The Ohio State University College of Food, Agricultural, And Environmental Sciences

Copyright © 2014, The Ohio State University

SAG-XX-15

Growing and Managing Forage Cover Crops

James J. Hoorman, Assistant Professor, Ohio State University Extension Educator Alan P. Sundermeier, Associate Professor, Ohio State University Extension Educator Rafiq Islam, Senior Research Scientist, OARDC/Ohio State University

Tip 1: After wheat or corn silage, always plant a cover crop to maximize the capture of sunlight, recycle residual nutrients and water, and control weeds. Apply manure in the fall and spring (not on wet soil) to maximize forage quality and quantity and minimize nutrient loss. See Figure 1.

Tip 2: Planting/drilling a forage cover crop early usually will result in improved stands, fast growth and better establishment. For forage cover crops, increase the seeding rate to 2-3X higher than the normal seeding rates for cover crops.

Tip 3: Summer annual forage cover crop mixtures include legumes (cowpea, field or winter pea), grasses (sorghums, oats, pearl millet, Teff, etc.), and brassicas (radish, turnips). Radish die with the first frost. Winter annual forage mixtures include legumes (winter pea, crimson clover, red clover), grasses (cereal rye, annual ryegrass, wheat, triticale or oats), and brassicas (rape and kale).

Tip 4: Standard seeding rates for forage oats is 75 to 110#/A or 2-3 bushels. For cereal rye, 110 to 150#/A or 2 to 2.5 bushels. Triticale is 90 to 120#/A 1.5 to 2 bushels (Sulc, 2013).

Tip 5: Watch plant back restrictions when planting forage cover crops. Dry weather will slow down herbicide degradation. To be legal, the default time before planting another crop for most herbicides is 18 to 24 months if the specific date is not listed.

Tip 6: For early fall forage production after wheat (by August 1st), use oats, cereal rye, annual ryegrass, triticale, Pearl millet, and various sorghum grasses. Fall planted oats with 50# N may produce 1-2 tons of forage before Christmas. Cereal rye fertilized or manured with fall and spring N may supply 3-5 tons forage in the spring (early to mid-May). Pearl millet and sorghums die with the first frost, and oats will not survive the winter, so they need to be planted early to maximize forage production.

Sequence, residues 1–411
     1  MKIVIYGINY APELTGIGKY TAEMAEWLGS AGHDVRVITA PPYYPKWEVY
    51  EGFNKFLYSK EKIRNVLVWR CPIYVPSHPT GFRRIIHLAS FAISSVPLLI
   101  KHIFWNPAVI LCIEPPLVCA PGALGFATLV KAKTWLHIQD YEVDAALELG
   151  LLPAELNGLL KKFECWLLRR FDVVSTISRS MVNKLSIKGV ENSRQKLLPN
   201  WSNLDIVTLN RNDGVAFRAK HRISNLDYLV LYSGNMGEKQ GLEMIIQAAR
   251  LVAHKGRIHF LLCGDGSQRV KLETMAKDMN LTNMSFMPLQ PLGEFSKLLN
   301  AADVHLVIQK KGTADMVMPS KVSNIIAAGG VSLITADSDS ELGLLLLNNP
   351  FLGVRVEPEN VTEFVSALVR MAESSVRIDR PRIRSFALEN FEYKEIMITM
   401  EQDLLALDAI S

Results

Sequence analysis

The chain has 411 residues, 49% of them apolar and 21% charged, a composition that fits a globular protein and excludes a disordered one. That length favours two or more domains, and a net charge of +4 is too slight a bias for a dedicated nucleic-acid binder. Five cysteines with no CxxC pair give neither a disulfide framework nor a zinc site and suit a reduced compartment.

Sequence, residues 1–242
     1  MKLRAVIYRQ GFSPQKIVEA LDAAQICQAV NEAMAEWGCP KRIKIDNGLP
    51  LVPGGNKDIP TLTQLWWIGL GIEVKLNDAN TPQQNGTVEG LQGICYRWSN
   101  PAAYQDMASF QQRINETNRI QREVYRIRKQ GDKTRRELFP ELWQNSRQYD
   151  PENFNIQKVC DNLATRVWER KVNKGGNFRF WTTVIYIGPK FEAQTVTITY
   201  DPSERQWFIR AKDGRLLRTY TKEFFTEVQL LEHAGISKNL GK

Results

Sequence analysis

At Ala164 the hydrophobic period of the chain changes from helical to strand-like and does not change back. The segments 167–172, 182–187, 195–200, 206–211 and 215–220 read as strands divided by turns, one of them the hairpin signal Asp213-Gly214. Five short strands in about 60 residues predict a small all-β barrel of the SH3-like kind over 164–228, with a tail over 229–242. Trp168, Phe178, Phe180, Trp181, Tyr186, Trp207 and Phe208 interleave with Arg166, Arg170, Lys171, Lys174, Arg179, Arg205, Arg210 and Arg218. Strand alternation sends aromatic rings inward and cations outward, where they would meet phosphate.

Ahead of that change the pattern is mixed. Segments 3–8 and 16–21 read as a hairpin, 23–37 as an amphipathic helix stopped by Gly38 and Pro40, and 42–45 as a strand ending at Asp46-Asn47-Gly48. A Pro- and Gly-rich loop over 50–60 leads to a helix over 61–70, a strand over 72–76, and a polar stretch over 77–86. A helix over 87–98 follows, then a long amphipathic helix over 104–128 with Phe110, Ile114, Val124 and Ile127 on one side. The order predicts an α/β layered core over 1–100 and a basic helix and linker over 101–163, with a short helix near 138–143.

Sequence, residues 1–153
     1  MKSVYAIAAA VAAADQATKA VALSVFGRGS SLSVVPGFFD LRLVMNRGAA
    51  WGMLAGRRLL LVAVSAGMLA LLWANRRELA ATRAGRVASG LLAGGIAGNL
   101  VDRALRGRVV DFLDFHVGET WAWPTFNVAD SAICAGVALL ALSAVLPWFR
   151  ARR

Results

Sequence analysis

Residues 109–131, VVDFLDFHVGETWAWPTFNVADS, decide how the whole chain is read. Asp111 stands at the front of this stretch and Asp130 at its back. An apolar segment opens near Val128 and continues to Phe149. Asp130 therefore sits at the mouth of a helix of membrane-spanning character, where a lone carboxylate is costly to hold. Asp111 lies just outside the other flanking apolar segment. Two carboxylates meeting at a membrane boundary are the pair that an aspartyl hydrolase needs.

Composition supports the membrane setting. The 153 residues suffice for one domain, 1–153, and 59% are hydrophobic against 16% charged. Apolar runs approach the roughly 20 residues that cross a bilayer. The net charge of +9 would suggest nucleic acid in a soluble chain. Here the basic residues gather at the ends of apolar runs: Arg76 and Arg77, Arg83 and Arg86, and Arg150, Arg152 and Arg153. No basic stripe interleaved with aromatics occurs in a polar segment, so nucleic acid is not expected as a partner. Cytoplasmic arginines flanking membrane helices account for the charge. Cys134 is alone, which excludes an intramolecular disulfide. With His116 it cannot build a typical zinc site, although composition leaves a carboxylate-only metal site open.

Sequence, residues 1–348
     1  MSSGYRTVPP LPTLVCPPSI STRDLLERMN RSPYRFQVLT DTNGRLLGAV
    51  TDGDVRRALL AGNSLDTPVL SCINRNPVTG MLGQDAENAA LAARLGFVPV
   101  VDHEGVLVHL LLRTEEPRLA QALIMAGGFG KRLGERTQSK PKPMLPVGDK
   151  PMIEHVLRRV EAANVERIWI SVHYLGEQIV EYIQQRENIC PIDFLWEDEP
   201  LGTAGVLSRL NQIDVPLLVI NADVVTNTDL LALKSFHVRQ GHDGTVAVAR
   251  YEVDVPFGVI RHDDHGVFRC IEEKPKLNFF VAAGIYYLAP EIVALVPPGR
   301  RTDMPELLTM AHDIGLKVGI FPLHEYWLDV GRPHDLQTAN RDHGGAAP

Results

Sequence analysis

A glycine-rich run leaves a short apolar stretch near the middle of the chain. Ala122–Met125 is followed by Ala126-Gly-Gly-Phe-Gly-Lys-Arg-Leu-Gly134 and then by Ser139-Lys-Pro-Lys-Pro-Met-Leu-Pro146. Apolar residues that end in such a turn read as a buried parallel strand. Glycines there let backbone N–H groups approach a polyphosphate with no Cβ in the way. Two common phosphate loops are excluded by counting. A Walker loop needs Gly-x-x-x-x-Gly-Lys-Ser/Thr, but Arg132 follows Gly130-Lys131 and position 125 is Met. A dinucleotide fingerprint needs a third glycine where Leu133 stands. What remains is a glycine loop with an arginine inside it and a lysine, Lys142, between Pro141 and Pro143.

Tip 7: Sudan-Sorghum after wheat may produce 1-2 tons first cutting and 4-5 tons second cutting. When Sudan-Sorghum is about 4 ft tall, cut or harvest the biomass leaving 9-12 inches of stubble. The Sudan-Sorghum will produce 5-9x more roots, and stimulate tillering, that will increase forage quality and improve soil structure from soil organic matter (SOM) additions (Clark, 2007). Sudan-Sorghum may increase short-term SOM.

Forage cover crop mixture and two men in field
Figure 1: A mixture of grasses (oats, cereal rye) and cowpeas harvested as silage after wheat. Forage cover crop mixtures are often grazed, wet baled as haylage, or dry baled as hay for forage production yielding 1-3 tons of dry matter. Sheep, beef, and dairy cattle can utilize this economical resource. Photo taken by Rafiq Islam at Piketon, Ohio.

Tip 8: After wheat or triticale, drill Teff shallow (1/8th-1/4th inch) at 5-7#/A raw, 7-10#/A coated may produce 1-3 tons of hay until first frost. Teff has about 1.3 million seeds per pound and is very drought resistant. Manure application may double production.

Tip 9: Grass cover crops need a minimum of 50# nitrogen (N) in the fall and 75-100# N in the spring to maximize production. Either fertilizer, manure, or a legume cover crop mixture or combinations of all three can be utilized to supply the N. Remember to credit N not used by the previous crop. Tip 10: Adding 8,000 gallon of dairy or swine manure in fall will promote forage production and maximize tillering. Apply manure in the fall and spring to maximize forage quality and quantity and minimize nutrient loss.

Tip 11: For dairy producers, adding winter (field) peas, soybeans, and/or cowpeas to a mixture will increase crude protein (CP) content by 3-4% or add $40-$50 per acre in market value.

Tip 12: In Ohio, from September to October 1st, drill or plant triticale, wheat, oats, or cereal rye as forages.

Tip 13: In Ohio with cereal (winter) rye, adding 8,000 gallons of dairy manure in the fall resulted in 4 tons of quality haylage with 12% CP contents. Adding another 8,000 gallons of dairy manure in the spring (late March) resulted in 5 tons of haylage and 19-21% CP content.

Tip 14: Cool season forage quality is generally higher in grass forage cover crops due to fast fall growth and lower temperatures with CP 20-32%, neutral detergent fiber (NDF) 30-38% and NDF digestibility 75-80% (Sulc, 2013).